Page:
SALT LAKE CITY — The Utah State Records Committee ruled Thursday that a business contract between Utah State University and Maverik convenience stores over the renaming of the university's renovated football stadium is public record.

The university announced the naming rights partnership in April, dubbing the former Romney Stadium as Maverik Stadium, as well as the construction of a new four-story press box and premium seating facility.

The Herald Journal in Logan originally requested access to the contract through the Government Records Access Management Act, commonly known as GRAMA, but the university denied the request, citing that Maverik claimed business confidentiality in the deal.

The denial sparked a debate over what extent contracts between businesses and government entities, such as a public university, are public records.

Ryan Brady, associate general counsel for Utah State University, said the business confidentiality agreement was made to prevent "competitive injury" to Maverik and its advertising strategy, and the university had no choice but to deny the request for public disclosure.

"We love disclosing documents to the public and we do so all the time," Brady said. "But in this case, we feel like our hands are tied. We want to be in compliance with GRAMA and feel like, in fact, a disclosure of this document after Maverik has done everything required by the law would be a violation of GRAMA."

The Herald Journal subsequently filed an appeal through the State Records Committee.

Joel Campbell, an associate professor of journalism at Brigham Young University and board member of the Utah Headliners Chapter of the Society of Professional Journalists, said the records were misclassified from the beginning and that the public interest outweighs commercial interests.

"The public ought to know the basics of the contract — how much, what the terms are," Campbell said. "If the government is going to make a contract with a business entity, … what is the public on the hook for?"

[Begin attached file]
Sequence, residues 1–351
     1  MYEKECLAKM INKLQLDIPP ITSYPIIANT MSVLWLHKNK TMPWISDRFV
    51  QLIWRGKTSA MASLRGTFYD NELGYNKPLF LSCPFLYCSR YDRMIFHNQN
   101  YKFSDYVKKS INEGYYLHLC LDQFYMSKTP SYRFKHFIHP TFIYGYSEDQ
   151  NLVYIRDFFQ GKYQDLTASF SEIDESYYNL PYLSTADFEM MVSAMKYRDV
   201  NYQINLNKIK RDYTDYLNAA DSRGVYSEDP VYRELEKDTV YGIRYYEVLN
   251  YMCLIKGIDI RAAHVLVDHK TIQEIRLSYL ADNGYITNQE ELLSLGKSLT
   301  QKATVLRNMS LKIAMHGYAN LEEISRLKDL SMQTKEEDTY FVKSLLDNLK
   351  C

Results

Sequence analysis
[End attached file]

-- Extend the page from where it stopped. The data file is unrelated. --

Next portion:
The committee turned down motions on both sides of the argument and later entertained the idea of redacting financial portions of the contract and releasing the rest. But in a final 6-1 vote, the committee decided make the entire contract public, noting that ruling otherwise would set a precedent of excessive confidentiality in future cases.

"I am afraid that if we say that you can entirely protect a government contract from disclosure that we will see a slew of government contracts being protected," said committee member Holly Richardson. "I think the intent of the GRAMA law is clearly to favor public disclosure."

Maverik and USU will have 30 days to appeal the decision in court before the contract is released.

University spokesman Tim Vitale said it was unclear whether an appeal would be filed and how the ruling would impact the university's partnership with Maverik in funding the stadium's renovation.

"We've heard the committee's decision and we'll take that under advisement and go back and talk to Maverik, discuss it ourselves and see what decisions we have from there," Vitale said. "We felt like we had a really strong case. We did think we argued from the basis of the law itself, GRAMA and the provisions in it. We didn't expect the decision, but we'll work within that decision."

Charles McCollum, managing editor of the Herald Journal, said he hopes the committee's decision will stand and that the public will be allowed to review the conditions of the contract between Maverik and the university.

"I just think that they made the right decision," McCollum said. "These contracts are something that the public has really high interest in — what exactly is a university bargaining away? When this came up, we thought, 'We need to see the whole contract.'"


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